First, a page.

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Undoing budget progress: Moves please businesses, not taxpayers

by David Tuerck

September 29, 2002.

On April 9, 2002, four Massachusetts business groups - Associated Industries of Massachusetts, the Greater Boston Chamber of Commerce, the Massachusetts Business Roundtable and the Massachusetts Taxpayers Foundation - issued a statement warning of a "$ 2 billion budget gap for fiscal 2003." To fill this gap, they offered a three-part plan, under which the state would draw on: (1) $ 700 million in spending cuts, (2) $ 700 million in new taxes and (3) $ 500 million in funds taken from reserves.

Previously, Massachusetts business spoke largely with a single voice in favor of cutting taxes. As a result of steadfast efforts from this quarter, the state went a long way toward reversing its reputation as Taxachusetts. This process culminated two years ago in voter approval, by an 18-point margin, of ballot Question 4, which cut the personal income tax from 5.85 percent to 5 percent. The impetus for previous tax cuts, particularly cuts in corporate taxes, came largely from the corporate sector. Question 4 succeeded as the result of a grassroots movement to cut taxes for individuals and small business. Its passage represented a broadening consensus for lower taxes.

The April 9 statement fractured this consensus by putting Question 4 on the chopping block. The groups signing it essentially volunteered to sacrifice the tax cut least important to them in order to keep intact their own hard-won tax breaks. Among these is the single-sales-factor formula for computing corporate taxes, from which certain corporations benefit.

Now that we have a 2003 budget, it is worth asking whether the budget actually adopted mirrored the three-part balanced approach proposed on April 9.

As for tax increases, the business groups got what they asked for and then some. The Legislature raised taxes, but by $ 1.141 billion, not $ 700 million. It used $ 900 million, not $ 500 million, in reserves to settle the fiscal 2003 deficit.

What the Legislature didn't do was cut spending. Instead, it increased spending from $ 22.8 billion in fiscal 2002 to $ 23.1 billion in fiscal 2003. The three-part plan became a two-part reality.

Surprisingly, the four business groups appear pleased with this outcome. On Aug. 20, the Massachusetts Taxpayers Foundation praised state leaders for their efforts to resolve the crisis that supposedly necessitated this tax increase. It described a combination of new revenues and spending cuts that were adopted for 2003 as a major accomplishment. The other signatories seem equally pleased.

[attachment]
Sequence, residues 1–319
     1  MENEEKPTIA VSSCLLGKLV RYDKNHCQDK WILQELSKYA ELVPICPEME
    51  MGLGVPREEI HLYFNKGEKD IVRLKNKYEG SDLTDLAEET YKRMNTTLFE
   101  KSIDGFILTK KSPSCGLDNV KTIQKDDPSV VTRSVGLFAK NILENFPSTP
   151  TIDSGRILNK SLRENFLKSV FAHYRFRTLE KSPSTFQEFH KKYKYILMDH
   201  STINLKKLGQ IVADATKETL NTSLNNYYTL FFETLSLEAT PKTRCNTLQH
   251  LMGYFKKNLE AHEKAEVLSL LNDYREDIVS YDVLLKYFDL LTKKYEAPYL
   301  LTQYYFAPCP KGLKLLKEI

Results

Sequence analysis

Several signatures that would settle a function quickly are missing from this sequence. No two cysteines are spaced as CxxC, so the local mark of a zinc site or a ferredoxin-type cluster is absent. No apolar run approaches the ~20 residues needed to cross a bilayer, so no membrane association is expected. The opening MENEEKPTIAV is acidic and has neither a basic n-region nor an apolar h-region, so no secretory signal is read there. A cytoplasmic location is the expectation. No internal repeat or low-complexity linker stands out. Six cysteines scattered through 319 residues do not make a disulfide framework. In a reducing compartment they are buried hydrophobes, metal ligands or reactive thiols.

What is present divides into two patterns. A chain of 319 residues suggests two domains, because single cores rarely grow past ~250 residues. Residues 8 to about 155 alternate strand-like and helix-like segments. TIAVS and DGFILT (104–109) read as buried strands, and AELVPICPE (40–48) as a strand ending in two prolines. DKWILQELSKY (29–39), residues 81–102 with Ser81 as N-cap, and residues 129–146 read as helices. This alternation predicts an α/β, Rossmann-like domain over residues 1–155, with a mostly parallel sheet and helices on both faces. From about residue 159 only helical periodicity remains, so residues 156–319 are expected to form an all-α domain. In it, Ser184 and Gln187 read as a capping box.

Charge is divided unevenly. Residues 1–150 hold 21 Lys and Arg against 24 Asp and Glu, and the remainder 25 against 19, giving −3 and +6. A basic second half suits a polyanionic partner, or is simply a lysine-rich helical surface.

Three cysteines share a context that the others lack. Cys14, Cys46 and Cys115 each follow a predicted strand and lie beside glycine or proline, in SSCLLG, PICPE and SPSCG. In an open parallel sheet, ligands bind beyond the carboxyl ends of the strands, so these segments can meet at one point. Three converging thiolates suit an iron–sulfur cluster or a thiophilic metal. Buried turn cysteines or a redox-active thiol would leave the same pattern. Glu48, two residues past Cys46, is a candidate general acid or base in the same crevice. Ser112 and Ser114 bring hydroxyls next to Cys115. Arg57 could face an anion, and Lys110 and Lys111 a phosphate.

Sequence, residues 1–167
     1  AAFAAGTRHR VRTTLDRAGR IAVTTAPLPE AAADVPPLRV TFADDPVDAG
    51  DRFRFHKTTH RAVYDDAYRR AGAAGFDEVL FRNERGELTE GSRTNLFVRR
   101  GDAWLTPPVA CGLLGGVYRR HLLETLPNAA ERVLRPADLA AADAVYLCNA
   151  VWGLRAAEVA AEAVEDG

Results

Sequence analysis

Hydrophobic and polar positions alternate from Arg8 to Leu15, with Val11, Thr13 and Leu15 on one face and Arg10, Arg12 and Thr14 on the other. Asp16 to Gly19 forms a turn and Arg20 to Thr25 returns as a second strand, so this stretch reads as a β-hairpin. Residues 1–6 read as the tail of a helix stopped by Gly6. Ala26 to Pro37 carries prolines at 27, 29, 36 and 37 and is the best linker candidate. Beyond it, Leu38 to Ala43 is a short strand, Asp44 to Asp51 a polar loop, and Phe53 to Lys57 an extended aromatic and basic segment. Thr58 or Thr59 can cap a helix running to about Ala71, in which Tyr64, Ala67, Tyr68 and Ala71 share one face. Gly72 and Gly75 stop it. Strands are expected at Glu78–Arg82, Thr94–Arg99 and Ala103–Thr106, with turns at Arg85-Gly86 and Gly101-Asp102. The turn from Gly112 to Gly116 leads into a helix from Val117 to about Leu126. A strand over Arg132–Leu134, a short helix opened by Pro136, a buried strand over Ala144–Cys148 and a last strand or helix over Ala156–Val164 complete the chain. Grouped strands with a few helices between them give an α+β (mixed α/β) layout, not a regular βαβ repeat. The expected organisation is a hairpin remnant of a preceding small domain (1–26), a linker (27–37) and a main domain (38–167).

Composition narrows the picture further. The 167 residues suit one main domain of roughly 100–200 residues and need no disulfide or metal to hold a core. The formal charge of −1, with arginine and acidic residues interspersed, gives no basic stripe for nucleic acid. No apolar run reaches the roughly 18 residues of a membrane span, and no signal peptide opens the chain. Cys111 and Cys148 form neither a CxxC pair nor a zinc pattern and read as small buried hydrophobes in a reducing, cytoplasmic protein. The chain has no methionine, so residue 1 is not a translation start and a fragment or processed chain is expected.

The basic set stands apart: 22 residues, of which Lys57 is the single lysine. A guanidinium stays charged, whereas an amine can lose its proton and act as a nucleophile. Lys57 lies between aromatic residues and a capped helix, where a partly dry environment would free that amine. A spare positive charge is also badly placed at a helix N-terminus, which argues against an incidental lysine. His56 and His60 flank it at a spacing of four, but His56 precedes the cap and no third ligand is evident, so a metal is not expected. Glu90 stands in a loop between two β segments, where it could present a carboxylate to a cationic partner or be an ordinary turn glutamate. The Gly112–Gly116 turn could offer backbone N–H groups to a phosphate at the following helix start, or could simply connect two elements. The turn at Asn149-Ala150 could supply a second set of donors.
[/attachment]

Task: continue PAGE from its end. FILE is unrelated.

The Taxpayers Foundation adamantly defends the tax-hike portion of the package. It challenges those who have argued against tax increases to present any credible plan to permanently fill a $ 3 billion budget deficit.

It is, in fact, a simple task to come up with a credible plan that would have funded the 2003 budget without raising taxes. Had it not raised taxes, the state would have run a deficit of $ 2.067 billion in this fiscal year. It could have made up this deficit by drawing on $ 1.243 billion of the $ 2.044 billion in reserves available at the end of fiscal 2002, reducing lottery prizes by $ 274 million and securing a portion of future tobacco revenues for another $ 550 million.

This plan would have permitted the state to increase spending, gradually at first and then more rapidly, as revenues recovered. Beginning in fiscal 2006, it would have been able to increase spending by 3 percent annually, slightly faster than the expected rate of inflation. And all without a tax hike.

It seems, from this perspective, that, rather than raising taxes, the Legislature could have honored the voters and limited the growth of spending for a few years as the revenue crisis passed. Instead, it took advantage of the political cover offered to it by the business community and overrode the express wishes of the voters to cut taxes.

The Legislature didn't stop with raising the personal income tax but also raised capital gains taxes and negated a charitable tax deduction championed by the financial services industry. There is talk of raising the income tax still higher and of withdrawing the single-sales-factor privilege.

The April 9 signers bet that, by going along with a tax hike that overrode the wishes of the votering public, they could keep their own prized tax breaks. But they made a losing bet. Never mind the positive spin coming from the Taxpayers Foundation and others. The business community is about to discover the Faustian consequences of bargaining with the Massachusetts Legislature.

David Tuerck is executive director of the Beacon Hill Institute and chairman and professor of economics at Suffolk University. This article first appeared in the Boston Sunday Herald on September 29, 2002.

Posted on 1/25/07 10:53

Format revised on 18 August, 2004